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Old Gold & Black

Old Gold & Black

OPINION: Men’s Basketball just won’t back down
Abigail Taylor, Contributing writer • February 27, 2024

Changing a Single Story

From+the+moment+that+our+plane+landed%2C+my+perspective+of+African+countries+began+to+shift+from+being+characterized+by+suffering+and+poverty+to+a+continent+bursting+with+life%2C+kindness+and+culture
From the moment that our plane landed, my perspective of African countries began to shift from being characterized by suffering and poverty to a continent bursting with life, kindness and culture

A reflection on the Interim trip to Tanzania

Often times, it is easy to describe other countries and cultures through the narrative of a single story. According to Chimamanda Ngozi Adichie, a female author from Nigeria, single stories are the generalizations and false perceptions that we form about other people and countries. 

The first time that I was exposed to Africa through the UNICEF commercials that would come on in between early morning cartoons. The dusty terrains, skinny arms of children with big bellies and images of men and women crying created my single story for Africa. When reflecting on my personal goals before embarking on the daunting 48 hour trip from Spartanburg to Tanzania, I hoped to understand the authentic Tanzanian culture and see how life in Tanzania differed from life in the United States.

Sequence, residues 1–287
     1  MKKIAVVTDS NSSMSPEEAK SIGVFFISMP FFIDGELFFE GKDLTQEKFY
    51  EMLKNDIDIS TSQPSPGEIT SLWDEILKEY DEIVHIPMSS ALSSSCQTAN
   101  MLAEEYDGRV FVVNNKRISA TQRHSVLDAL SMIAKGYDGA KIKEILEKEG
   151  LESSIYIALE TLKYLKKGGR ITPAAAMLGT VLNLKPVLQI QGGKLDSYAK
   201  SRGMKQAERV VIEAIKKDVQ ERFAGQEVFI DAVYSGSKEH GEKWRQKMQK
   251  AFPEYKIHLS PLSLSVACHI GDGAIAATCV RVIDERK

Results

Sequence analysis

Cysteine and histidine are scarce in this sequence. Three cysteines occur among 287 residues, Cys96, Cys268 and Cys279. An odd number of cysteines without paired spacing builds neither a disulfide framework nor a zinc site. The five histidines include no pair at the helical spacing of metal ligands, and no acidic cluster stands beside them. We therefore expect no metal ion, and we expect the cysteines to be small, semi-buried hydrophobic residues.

As the airplane flew over Moshi, Tanzania, I was mesmerized by the bright green landscape dotted with trees and sparkling tin roofs. On the bus ride to the hotel, I looked out of the bus window to see people dressed in bright colors, children watching herds of goats and cows and miles of golden sunflower patches that grew along the roadside. This was a much different landscape than the dusty and dry image of Africa that I had in my head.  

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The most impactful experience I had in Tanzania was visiting Silver Leaf Academy, a rainbow painted elementary school in Arusha, dedicated to the cultivation of curiosity in children and transforming the educational system in Tanzania. After our visit, we had the privilege of talking with the school’s founder, Krupa.. The collage of world leaders, like Nelson Mandela, Barack Obama, Martin Luther King Jr., Maya Angelou, the Dalai Lama and Gandhi reflect her call to be an agent for change. 

While talking about empowering the people of Tanzania, she stated: “People do not need others to make solutions for them. They need the tools and resources that will empower them to make their own solutions.”  Talking with Krupa made me realize that anyone, no matter their age, country of origin, , or education level, has the ability to make a difference with the right resources and a little “kanju,” the African phrase for innovation. I left the Tanzania Interim with stories of laughing with children in a Massa village, learning how to make coffee alongside a local farmer, driving across the Serengeti and meeting local community leaders who shared with us  how they are empowering farmers, women, people with disabilities and children through creativity and, of course, “Kanju.” 

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